Like DiMaggio and Williams, Musial embodied a time when the greats stayed with one team. He joined the Cardinals during the last remnants of the Gas House Gang and stayed in St. Louis until Gibson and Curt Flood ushered in a new era of greatness.
"Sad to hear about Stan the Man, it's an honor to wear the same uniform," current Cardinals slugger Matt Holliday tweeted.
The only year Musial missed with the Cardinals was 1945, when he was in the U.S. Navy during World War II. He was based in Pearl Harbor, assigned to a unit that helped with ship repair.
Before and after his military service, he was a star hitter.
"St. Louis has been lucky to have a player like Stan Musial. He will always be Mr. Baseball," Hall of Fame Cardinals manager Whitey Herzog said. "It's a very big loss. You can go around the world and you'll never find a better human being than Stan Musial."
Musial was the NL MVP in 1943, 1946 and 1948, and was runner-up four other years. He enjoyed a career remarkably free of slumps, controversies or rivalries.
"Stan was a favorite in Cooperstown, from his harmonica rendition of 'Take Me Out to the Ball Game' during Hall of Fame Induction Ceremonies, to the reverence he commanded among other Hall of Fame members and all fans of the game. More than just a baseball hero, Stan was an American icon and we will very much miss him in Cooperstown," Hall of Fame chairman Jane Forbes Clark said.
The Cardinals were dominant early in Musial's career. They beat DiMaggio and the Yankees in the 1942 World Series, lost to the Yankees the next year and defeated the St. Louis Browns in 1944. In 1946, the Cardinals beat Williams and the visiting Red Sox in Game 7 at Sportsman's Park.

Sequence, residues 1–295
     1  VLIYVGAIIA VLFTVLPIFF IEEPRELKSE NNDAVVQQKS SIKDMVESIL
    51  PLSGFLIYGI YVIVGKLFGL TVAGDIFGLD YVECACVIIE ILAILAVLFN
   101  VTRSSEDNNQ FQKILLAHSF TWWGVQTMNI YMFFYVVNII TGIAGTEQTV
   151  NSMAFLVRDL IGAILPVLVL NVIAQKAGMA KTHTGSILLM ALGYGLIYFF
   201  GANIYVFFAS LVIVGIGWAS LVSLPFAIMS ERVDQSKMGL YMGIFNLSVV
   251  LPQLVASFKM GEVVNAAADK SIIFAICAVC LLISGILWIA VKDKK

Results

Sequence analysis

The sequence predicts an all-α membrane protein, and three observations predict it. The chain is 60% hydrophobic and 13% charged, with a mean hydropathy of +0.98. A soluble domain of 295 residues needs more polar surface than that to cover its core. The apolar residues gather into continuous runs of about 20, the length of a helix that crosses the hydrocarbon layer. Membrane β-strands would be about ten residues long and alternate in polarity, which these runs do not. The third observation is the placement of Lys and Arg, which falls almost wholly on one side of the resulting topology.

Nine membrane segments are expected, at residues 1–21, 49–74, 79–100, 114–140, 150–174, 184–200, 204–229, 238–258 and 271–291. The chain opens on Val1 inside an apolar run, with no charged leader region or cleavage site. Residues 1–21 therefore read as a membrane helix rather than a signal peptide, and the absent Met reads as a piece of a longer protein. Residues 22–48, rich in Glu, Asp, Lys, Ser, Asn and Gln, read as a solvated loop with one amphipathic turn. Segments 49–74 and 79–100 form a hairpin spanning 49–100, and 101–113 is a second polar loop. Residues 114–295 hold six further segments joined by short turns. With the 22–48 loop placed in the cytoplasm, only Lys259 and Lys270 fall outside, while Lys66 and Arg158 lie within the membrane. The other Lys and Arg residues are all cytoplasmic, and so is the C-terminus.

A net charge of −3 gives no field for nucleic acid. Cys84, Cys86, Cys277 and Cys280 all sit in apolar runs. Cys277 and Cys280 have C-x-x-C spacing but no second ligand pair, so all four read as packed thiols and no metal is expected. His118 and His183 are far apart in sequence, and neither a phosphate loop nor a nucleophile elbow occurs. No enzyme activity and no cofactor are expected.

Musial, mostly a left fielder then, starred with Terry Moore in center and Slaughter, another future Hall of Famer, in right, making up one of baseball's greatest outfields. Later on, Musial would switch between the outfield and first base.
Musial never played on another pennant winner after 1946. Yet even after the likes of Mays, Mickey Mantle and Hank Aaron came to the majors, Musial remained among baseball's best.
The original Musial statue outside the new Busch Stadium is a popular meeting place before games and carries this inscription: "Here stands baseball's perfect warrior. Here stands baseball's perfect knight."
"Everybody's a Musial fan," Herzog once said.
Musial gave the press little to write about beyond his grace and greatness on the field. He didn't date movie stars, spike opponents or chew out reporters or umpires.
In 1958, he reached the 3,000-hit level and became the NL's first $100,000-a-year player. Years earlier, he had turned down a huge offer to join the short-lived Mexican League. He never showed resentment over the multimillion dollar salaries of modern players. He thought they had more fun in his days.
"I enjoyed coming to the ballpark every day and I think we enjoyed the game," Musial said in a 1991 Associated Press interview. "We had a lot of train travel, so we had more time together. We socialized quite a bit and we'd go out after ballgames."
He was elected to the Hall of Fame in 1969, his first year of eligibility.
"It was, you know, a dream come true," Musial once said. "I always wanted to be a ballplayer."
After retiring as a player, Musial served for years in the Cardinals' front office, including as general manager in 1967, when the Cardinals won the World Series.
In the 1970s, he occasionally played in Old-Timers' Day games and could still line the ball to the wall. He was a fixture for decades at the Cooperstown induction ceremonies and also was a member of the Hall's Veterans Committee. Often, after the Vets panel had voted, he'd pull out a harmonica conveniently located in his jacket pocket and lead the other members in a rendition of "Take Me Out to the Ball Game."
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